Nurses’ Week Spotlight: Michelle Miksza

Nurses’ Week – established in honour of Florence Nightingale, the founder of modern nursing – is a longstanding tradition of celebrating the tremendous role that nurses play in every stage of a resident/patient’s healthcare journey. The COVID-19 pandemic brings to light the courage and commitment nurses bring to their profession every day.

Medical Pharmacies is entwined with nurses in all that we do, across all our lines of business, which is why our Nurses’ Week theme this year is friendship. Today, we’d like to introduce you to one of our friends in nursing, Michelle Miksza, who works as a Registered Practical Nurse (RPN) at MPGL.

1. What is your role At MPGL?

I work as an RPN for MGPL at the satellite Macular Eye Clinics where I prepare the eyes for injections for Dr. Sharma, a Retinal Specialist.

2. Why did you want to be, or what was inspiration to become an RPN?

I always wanted to be a nurse ever since I was a little girl because I wanted to help people get better. In high school, I was always interested in science and how it related to the human body. Also, I had a biology teacher that, through his encouragement and his teaching of biology, inspired me to become a nurse.

3. What has been your favorite experience at MPGL?

Working in a field of nursing that I previously didn’t know that well – the field of Ophthalmology. The eye clinic is a very calm and enjoyable place to work. Our team is like a family that works very well together and supports each other.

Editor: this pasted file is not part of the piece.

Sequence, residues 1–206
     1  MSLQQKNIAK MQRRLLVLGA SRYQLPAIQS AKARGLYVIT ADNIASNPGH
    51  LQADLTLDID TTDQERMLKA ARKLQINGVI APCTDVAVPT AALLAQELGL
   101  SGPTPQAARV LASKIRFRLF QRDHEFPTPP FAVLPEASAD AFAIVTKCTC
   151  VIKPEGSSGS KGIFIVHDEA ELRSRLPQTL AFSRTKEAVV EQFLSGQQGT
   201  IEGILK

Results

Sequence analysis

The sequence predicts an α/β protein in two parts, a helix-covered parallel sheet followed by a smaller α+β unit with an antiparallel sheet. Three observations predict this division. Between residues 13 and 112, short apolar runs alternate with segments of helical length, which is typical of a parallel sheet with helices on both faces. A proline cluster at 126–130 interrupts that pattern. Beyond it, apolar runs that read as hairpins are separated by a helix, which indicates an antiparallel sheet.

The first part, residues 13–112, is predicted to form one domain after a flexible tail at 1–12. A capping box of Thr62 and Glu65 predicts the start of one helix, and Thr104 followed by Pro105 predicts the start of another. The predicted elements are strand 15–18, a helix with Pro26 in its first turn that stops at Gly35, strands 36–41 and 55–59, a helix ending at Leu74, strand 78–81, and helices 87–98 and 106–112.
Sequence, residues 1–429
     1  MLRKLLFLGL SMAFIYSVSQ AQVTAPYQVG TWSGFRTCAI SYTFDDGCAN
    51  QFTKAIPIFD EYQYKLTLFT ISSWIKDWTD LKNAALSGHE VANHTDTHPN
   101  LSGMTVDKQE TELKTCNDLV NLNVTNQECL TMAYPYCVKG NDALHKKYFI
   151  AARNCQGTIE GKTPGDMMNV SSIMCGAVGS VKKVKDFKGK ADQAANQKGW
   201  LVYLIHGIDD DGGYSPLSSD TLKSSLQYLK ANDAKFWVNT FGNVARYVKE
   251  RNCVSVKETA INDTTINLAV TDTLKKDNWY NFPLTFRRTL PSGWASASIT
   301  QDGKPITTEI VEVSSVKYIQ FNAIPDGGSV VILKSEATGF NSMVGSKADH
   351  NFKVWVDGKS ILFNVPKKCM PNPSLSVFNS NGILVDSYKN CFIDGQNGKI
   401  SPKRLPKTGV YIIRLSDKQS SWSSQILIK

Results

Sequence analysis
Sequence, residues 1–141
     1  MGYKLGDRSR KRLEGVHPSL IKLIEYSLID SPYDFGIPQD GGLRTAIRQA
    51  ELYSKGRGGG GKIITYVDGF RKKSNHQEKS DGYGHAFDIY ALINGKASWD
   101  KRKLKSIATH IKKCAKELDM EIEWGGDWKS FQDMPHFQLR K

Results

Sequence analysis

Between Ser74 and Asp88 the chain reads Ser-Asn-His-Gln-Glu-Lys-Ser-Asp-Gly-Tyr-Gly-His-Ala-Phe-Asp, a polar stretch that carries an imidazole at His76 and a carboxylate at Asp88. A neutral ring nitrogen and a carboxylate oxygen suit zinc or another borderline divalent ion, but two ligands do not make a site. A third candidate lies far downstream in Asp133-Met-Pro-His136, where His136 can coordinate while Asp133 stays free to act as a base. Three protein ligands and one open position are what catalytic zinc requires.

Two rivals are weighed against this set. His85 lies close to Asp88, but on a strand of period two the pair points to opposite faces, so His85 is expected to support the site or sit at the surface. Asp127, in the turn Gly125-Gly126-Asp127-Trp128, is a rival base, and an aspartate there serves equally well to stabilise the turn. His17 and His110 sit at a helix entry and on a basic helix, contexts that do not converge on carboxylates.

4. If you could interview on person (dead or alive) in the healthcare industry, who would it be and why?

The person I would love to interview would be Florence Nightingale because she is the model of what a nurse was and still is today. She was a pioneer for changing the standards of nursing and how they were implemented. An example of this is how she changed hygienic standards in hospitals, i.e., hot water pumped through the pipes so that it would result in fewer infections and deaths. I would like to ask her how she changed the minds of governments to change the standards of how to take care patients, and how she persevered through getting people to change the mindset of nursing.

5. Which has been more valuable in your career, your education or your experience? Why?

My experience has been most valuable in my career because, through my various nursing jobs, I have become more confident as person. My education helped me implement my knowledge to take care of patients, but my experiences helped me grow into a better nurse. For example, I feel that if an emergency came up that I had to handle, like a patient having a heart attack or a psychotic episode, I could handle it a lot better than when I was first out of college.

 

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